The licensing authority will advertise the fact that a request for review of the licence has been received, and allow a period of 28 days for other persons to make representations to it (such representations can be for or against the activities at the premises in question).

After the period for making representations has expired, the licensing authority will hold a hearing to consider the request unless the request for review has been withdrawn.  The request will in most cases be considered by the licensing sub‐ committee who will hear representations from all parties involved.  

The licensing authority will invite you to attend the hearing and give you the opportunity to address the licensing sub‐committee in support of your request for review.

You must then give the authority at least 5 working days notice (prior to the start of the hearing), advising:

  • If you will attend the hearing in person,
  • Whether you will be represented by someone else (e.g. councillor / MP / lawyer / residents’ association representative / friend),
  • If you think that a hearing is unnecessary (if, for example, the parties have come to an agreement before the formal hearing), or
  • You may also request permission  for another person to attend the hearing, and must advise the licensing authority how that person may be able to assist the authority in relation to the request for review

Once the sub‐committee has listened to and considered all views and evidence, it must decide what (if any) action is appropriate to promote the licensing objectives. Actions can include:

  • No action,
  • Modifying the conditions of the licence (change, add or remove conditions – including operating hours),
  • Excluding a licensable activity from the licence,
  • Removing the designated premises supervisor,
  • Suspend the licence for a period (not exceeding 3 months), and
  • Revoke the licence.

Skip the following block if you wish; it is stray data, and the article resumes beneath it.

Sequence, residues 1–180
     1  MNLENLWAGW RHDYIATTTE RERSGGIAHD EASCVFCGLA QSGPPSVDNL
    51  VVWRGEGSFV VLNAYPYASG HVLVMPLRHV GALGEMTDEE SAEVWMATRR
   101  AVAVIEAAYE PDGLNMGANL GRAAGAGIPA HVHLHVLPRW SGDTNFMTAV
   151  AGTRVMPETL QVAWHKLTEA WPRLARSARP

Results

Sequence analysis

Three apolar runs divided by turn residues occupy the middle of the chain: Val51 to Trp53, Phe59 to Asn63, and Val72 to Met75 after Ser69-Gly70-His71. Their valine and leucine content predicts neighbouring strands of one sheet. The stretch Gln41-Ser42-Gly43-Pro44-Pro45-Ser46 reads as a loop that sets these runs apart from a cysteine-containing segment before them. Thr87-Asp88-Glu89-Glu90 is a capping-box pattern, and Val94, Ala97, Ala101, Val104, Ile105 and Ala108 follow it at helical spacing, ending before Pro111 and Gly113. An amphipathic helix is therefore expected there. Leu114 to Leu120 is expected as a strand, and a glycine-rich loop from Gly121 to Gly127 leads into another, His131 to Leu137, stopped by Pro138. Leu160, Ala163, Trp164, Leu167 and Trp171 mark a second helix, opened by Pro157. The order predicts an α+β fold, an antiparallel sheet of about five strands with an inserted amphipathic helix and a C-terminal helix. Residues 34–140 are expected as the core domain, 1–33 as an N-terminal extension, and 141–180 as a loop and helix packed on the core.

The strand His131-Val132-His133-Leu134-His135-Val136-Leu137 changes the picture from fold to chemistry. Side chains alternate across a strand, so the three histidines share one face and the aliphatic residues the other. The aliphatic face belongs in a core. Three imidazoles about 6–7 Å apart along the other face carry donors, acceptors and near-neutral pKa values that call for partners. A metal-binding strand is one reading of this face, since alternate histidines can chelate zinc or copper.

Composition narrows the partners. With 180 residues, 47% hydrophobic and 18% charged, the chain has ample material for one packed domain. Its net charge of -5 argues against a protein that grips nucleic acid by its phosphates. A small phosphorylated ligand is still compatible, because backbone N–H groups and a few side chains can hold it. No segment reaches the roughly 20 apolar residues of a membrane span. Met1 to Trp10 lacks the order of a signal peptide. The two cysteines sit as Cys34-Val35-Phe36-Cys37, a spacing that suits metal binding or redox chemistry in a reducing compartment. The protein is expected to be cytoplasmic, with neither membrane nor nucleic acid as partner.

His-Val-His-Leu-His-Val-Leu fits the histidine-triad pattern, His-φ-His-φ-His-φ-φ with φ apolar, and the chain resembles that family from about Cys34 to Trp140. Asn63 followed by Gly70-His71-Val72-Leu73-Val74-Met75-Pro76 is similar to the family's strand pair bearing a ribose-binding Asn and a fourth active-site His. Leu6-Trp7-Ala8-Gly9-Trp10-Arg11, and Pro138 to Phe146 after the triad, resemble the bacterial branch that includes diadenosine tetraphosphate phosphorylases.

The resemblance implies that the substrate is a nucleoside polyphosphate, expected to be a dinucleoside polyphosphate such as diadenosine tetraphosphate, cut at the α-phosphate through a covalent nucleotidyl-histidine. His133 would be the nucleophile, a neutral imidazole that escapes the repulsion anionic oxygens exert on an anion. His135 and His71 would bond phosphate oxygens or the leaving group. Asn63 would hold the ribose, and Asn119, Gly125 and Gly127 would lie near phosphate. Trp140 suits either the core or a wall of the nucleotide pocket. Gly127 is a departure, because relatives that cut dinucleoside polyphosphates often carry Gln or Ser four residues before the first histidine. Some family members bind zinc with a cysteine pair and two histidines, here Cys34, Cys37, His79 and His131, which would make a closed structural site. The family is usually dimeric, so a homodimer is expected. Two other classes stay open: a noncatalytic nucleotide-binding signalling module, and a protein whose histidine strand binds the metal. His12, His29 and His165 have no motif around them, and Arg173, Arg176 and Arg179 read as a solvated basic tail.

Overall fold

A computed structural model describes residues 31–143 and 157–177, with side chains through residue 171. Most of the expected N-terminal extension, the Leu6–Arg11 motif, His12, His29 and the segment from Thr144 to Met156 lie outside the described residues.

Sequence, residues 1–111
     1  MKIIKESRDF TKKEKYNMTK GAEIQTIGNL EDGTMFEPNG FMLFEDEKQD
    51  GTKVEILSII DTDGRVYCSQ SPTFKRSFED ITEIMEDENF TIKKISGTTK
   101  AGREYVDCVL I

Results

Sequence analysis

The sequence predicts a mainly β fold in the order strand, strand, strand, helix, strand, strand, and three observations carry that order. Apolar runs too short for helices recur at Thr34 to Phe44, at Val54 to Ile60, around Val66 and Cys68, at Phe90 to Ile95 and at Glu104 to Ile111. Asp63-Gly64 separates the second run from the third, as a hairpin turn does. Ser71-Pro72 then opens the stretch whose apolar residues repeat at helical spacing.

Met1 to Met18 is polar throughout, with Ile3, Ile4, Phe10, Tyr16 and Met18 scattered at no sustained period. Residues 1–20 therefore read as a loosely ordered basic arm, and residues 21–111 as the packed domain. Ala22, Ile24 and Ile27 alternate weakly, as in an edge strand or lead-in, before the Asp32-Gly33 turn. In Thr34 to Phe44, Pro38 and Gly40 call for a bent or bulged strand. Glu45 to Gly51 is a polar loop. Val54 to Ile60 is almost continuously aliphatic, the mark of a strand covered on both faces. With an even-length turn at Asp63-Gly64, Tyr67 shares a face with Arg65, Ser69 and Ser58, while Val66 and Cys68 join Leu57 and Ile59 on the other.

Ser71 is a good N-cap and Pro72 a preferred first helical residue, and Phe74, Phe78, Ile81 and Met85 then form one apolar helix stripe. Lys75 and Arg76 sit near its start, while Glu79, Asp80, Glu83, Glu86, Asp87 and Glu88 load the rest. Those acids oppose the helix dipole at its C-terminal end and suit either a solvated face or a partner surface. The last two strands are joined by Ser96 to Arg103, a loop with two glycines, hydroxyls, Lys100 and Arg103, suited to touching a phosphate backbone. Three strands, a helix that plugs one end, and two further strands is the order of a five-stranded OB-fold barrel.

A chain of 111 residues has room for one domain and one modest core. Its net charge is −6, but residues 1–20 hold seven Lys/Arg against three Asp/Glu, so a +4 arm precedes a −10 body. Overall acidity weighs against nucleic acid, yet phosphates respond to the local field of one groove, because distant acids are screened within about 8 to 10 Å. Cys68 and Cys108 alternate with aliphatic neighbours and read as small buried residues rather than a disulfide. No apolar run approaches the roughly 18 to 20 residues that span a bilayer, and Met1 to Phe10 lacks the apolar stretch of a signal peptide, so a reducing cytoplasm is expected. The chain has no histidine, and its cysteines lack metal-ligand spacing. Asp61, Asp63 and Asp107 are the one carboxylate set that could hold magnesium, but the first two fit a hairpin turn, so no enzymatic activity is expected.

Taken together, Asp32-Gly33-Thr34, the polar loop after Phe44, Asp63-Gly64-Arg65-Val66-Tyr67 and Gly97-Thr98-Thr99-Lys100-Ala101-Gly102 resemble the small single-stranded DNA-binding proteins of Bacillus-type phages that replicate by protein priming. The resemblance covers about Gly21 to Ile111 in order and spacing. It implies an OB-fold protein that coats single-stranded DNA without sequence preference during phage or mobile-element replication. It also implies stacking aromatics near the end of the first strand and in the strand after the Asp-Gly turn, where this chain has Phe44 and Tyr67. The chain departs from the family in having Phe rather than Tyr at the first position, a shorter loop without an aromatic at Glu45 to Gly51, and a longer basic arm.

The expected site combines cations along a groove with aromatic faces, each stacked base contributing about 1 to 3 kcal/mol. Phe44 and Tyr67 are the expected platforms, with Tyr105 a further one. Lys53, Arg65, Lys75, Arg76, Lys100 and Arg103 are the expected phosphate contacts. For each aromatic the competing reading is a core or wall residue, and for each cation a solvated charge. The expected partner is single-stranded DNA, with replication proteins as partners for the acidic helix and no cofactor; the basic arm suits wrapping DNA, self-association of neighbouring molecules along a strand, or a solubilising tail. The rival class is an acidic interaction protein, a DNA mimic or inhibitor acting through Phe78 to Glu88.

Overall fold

There is a right of appeal for all parties concerned with the request for review (i.e. the applicant for the review, the premises licence holder or any other person who made relevant representations in relation to the application). This means that you can appeal to the magistrates’ court if you are not happy with the decision of the licensing authority.

If you appeal against a licensing authority’s decision, and you are unsuccessful, the magistrates’ court can award costs against you if it sees fit. This would mean that you would have to pay other parties’ legal costs as well as your own. However, the

Magistrates’ Association and the Justices’ Clerks Society has advised that awarding costs for a licensing appeal should be an exception and not a rule, and any resident with reasonable grounds for appeal should not be penalised.

If the licence holder appeals against the licensing authority’s decision, the appeal will be heard by the magistrates’ court.  The licensing authority will be the respondent to the appeal and may call you (and any other person or responsible authority) as a witness in support of its case.

The decision of the licensing authority in relation to the review will be suspended until the appeal is determined


Nothing in this factsheet can be considered as legal advice.  Independent legal advice should be sought in the event of queries, and advice and information can also be obtained from the local licensing authority.